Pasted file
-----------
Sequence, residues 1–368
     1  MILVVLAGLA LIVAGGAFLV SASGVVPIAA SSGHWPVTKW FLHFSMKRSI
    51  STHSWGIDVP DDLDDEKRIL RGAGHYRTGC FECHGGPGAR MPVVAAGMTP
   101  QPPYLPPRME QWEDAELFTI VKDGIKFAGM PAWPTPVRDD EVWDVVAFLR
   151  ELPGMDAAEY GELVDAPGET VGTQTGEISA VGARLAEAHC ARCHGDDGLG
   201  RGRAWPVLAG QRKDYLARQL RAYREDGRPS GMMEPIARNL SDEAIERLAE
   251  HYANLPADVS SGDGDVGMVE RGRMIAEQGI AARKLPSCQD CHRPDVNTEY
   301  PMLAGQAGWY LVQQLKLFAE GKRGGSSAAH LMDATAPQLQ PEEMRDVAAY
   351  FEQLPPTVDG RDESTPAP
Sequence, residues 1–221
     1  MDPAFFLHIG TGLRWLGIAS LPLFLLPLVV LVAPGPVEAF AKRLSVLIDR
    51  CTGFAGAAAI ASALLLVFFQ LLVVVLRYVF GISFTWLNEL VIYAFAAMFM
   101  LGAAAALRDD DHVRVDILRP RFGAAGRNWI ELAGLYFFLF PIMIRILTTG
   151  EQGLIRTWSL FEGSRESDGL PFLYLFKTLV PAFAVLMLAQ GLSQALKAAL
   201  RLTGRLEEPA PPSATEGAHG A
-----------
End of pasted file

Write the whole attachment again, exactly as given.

Sequence, residues 1–368
     1  MILVVLAGLA LIVAGGAFLV SASGVVPIAA SSGHWPVTKW FLHFSMKRSI
    51  STHSWGIDVP DDLDDEKRIL RGAGHYRTGC FECHGGPGAR MPVVAAGMTP
   101  QPPYLPPRME QWEDAELFTI VKDGIKFAGM PAWPTPVRDD EVWDVVAFLR
   151  ELPGMDAAEY GELVDAPGET VGTQTGEISA VGARLAEAHC ARCHGDDGLG
   201  RGRAWPVLAG QRKDYLARQL RAYREDGRPS GMMEPIARNL SDEAIERLAE
   251  HYANLPADVS SGDGDVGMVE RGRMIAEQGI AARKLPSCQD CHRPDVNTEY
   301  PMLAGQAGWY LVQQLKLFAE GKRGGSSAAH LMDATAPQLQ PEEMRDVAAY
   351  FEQLPPTVDG RDESTPAP
Sequence, residues 1–221
     1  MDPAFFLHIG TGLRWLGIAS LPLFLLPLVV LVAPGPVEAF AKRLSVLIDR
    51  CTGFAGAAAI ASALLLVFFQ LLVVVLRYVF GISFTWLNEL VIYAFAAMFM
   101  LGAAAALRDD DHVRVDILRP RFGAAGRNWI ELAGLYFFLF PIMIRILTTG
   151  EQGLIRTWSL FEGSRESDGL PFLYLFKTLV PAFAVLMLAQ GLSQALKAAL
   201  RLTGRLEEPA PPSATEGAHG A